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Old 04-12-2019, 12:14 PM
 
Location: Central Mass
1,988 posts, read 2,474,223 times
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Quote:
Originally Posted by city living View Post
I have been on many interviews in my field and it is standard practice to show people the facility. I have been shown around at every place I've been to without asking right after the interview.
Quote:
Originally Posted by vladlensky View Post
Disclaimer, I also work in tech, so tours are pretty common in a lot of larger companies because they want to show off their employee amenities.
I'm not in tech, but every interview I've had in the last 8 years have included a tour, even if I didn't want one.
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Old 04-12-2019, 12:14 PM
 
9,526 posts, read 13,467,274 times
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I don't think asking for a tour is wrong but dependent on how the office is laid out, just walking back to the conference room is a tour in & of itself.


I would love a tour actually, so I know if I accept the job, what kind of workplace I'm getting myself into. As a potential candidate, I do think you have the right to know.


Check out glassdoor. People sometimes post pictures of the workspace.
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Old 04-12-2019, 01:42 PM
 
20,630 posts, read 16,673,422 times
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Quote:
Originally Posted by Jdawg8181 View Post
I don't think asking for a tour is wrong but dependent on how the office is laid out, just walking back to the conference room is a tour in & of itself.


I would love a tour actually, so I know if I accept the job, what kind of workplace I'm getting myself into. As a potential candidate, I do think you have the right to know.


Check out glassdoor. People sometimes post pictures of the workspace.
These are low wage factory jobs OP is applying for. I don't think people's experience in office fields is comparable. yes, he can ask for a tour, but I'd ask before the interview.


OP also don't assume that any factory is going to be like the one you came from, ask for the tour but don't bring "baggage" from your old place into an interview at a new place.
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Old 04-12-2019, 02:58 PM
 
6,657 posts, read 2,396,792 times
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Quote:
Originally Posted by ironpony View Post
The last couple of jobs I worked, I really didn't like the working conditions, and they were actually bad to the point where it was effecting my health.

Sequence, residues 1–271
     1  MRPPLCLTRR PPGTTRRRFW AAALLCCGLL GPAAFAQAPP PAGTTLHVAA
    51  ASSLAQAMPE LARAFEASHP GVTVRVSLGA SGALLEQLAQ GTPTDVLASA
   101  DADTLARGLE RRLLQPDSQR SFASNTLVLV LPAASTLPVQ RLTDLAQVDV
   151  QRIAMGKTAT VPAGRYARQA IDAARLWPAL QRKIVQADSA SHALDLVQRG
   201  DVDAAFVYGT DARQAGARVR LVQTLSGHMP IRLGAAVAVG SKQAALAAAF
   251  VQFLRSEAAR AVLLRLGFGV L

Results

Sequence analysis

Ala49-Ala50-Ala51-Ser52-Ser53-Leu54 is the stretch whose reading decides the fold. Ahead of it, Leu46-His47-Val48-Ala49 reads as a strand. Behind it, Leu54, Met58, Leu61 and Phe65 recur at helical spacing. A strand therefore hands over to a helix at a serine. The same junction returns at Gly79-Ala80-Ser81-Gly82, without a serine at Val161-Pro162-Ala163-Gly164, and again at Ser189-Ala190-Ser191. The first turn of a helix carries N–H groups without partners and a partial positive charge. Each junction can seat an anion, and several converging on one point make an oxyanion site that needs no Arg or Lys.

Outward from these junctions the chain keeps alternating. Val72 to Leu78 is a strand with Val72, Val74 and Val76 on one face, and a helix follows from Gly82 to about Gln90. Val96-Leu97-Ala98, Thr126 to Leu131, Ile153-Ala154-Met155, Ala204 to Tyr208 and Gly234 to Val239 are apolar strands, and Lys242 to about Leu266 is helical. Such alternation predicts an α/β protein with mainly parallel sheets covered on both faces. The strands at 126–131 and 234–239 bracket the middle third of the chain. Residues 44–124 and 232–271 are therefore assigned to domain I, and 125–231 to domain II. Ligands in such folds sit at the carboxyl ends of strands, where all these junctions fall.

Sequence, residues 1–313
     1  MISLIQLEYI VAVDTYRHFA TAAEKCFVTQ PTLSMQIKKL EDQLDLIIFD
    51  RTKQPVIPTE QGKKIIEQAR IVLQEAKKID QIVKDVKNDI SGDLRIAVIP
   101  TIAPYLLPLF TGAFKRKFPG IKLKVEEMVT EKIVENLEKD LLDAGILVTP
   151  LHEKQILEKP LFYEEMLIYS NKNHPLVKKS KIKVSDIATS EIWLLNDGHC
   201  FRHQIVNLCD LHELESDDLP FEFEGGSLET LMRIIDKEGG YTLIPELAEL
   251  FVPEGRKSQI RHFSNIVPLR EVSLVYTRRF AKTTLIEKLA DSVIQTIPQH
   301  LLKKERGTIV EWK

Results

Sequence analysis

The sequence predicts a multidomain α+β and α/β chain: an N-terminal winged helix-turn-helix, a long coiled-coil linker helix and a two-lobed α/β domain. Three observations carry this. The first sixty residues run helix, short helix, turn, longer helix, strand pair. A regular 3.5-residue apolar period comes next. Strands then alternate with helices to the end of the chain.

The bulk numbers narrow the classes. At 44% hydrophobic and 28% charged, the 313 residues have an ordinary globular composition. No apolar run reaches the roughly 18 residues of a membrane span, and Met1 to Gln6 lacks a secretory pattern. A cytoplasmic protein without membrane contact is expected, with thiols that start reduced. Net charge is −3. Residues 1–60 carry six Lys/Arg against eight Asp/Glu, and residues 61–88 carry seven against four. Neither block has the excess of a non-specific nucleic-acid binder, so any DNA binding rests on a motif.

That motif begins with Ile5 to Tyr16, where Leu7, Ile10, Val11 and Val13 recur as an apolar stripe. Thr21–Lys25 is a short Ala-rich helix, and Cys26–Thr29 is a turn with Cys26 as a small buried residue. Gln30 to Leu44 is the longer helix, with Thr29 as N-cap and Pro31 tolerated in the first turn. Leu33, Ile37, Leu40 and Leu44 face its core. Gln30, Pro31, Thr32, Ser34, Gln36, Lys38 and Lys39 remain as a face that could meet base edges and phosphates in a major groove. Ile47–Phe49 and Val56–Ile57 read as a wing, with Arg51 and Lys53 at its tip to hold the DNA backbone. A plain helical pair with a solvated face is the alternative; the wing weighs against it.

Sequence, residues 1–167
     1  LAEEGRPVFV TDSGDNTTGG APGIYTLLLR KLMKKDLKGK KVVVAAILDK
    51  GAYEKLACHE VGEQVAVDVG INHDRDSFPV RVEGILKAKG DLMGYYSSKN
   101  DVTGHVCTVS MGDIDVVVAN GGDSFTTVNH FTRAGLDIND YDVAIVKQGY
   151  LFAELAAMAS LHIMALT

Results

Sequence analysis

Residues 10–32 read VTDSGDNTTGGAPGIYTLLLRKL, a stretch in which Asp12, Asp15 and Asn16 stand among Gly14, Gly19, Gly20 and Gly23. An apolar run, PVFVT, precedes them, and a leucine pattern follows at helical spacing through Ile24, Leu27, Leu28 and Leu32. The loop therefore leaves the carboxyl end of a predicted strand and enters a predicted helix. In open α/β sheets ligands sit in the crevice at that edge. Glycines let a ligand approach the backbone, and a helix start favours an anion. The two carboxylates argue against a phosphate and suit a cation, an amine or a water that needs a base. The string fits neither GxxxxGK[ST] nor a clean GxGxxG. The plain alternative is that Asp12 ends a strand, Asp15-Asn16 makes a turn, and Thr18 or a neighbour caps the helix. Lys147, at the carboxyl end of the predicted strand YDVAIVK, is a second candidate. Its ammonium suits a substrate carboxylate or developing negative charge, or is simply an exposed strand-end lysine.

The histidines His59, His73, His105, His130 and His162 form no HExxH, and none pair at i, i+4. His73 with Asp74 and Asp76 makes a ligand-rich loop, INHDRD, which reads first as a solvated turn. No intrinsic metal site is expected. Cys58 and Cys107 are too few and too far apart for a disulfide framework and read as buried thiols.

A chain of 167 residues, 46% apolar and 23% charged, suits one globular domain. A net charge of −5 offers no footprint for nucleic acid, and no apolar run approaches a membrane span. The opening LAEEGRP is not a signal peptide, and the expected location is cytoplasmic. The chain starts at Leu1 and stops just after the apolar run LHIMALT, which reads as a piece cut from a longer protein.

I was wondering if when going for job interviews, does it look bad to ask to see the place more. That way I can get a better idea of the conditions. But when I asked after an interview was over, they didn't want to show me around, so I was was wondering if it looks bad to ask?

That way if they call me back and say I got the job, I will know what I am saying yes to more.

IMO, since all your jobs so far have been manual labor type, minimum wage type jobs...yes, it would look weird. Plus...for all the company knows, you're a corporate spy sent by the competitor to look at their operations.


Now, if a company is trying to lure you to work there, they WILL often take you on a tour. But ordinarily, that's not the case for manual labor type jobs. Just sayin.
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Old 04-12-2019, 03:46 PM
 
4,882 posts, read 1,553,062 times
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Oh okay. Well the last two manual labor jobs had really bad health conditions, and so I thought if I got a tour, I would get a better idea if I would be the right employee for the job or not.

As for corporate spies, I find that kind of far fetched, like are they sure they are not being paranoid, if someone asks?
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Old 04-12-2019, 05:14 PM
 
6,893 posts, read 7,297,903 times
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I wouldn't say it looks bad. It's not a matter of that. From the employer's POV, it's likely a little premature.
Think about it, they're not even sure if they want to hire you yet. Why would they give you a tour? Just to chit-chat.

Sure applicants want to check out the physical place and space. So we don't waste our time if we see red flags.
But just as we don't want to waste our time. The interviewer won't want to waste his or her's either.

Of course, one could argue that if the hiring person is willing to take the applicant on a 15 minute tour, and the applicant doesn't like it -- and withdraws.....well then that tour just saved the hiring person MORE than 15 minutes of working on vetting the applicant and further, only for the person to turn the job down. And that argument does make some sense.

But as I think most times during the interview process the advantage is in the hiring company's favor so they get to set the timeline and steps in the hiring process. And if they don't want to do tours before they've narrowed the field. That's the way it will be. The applicant just has to ask to get a tour for a tour at a latter date.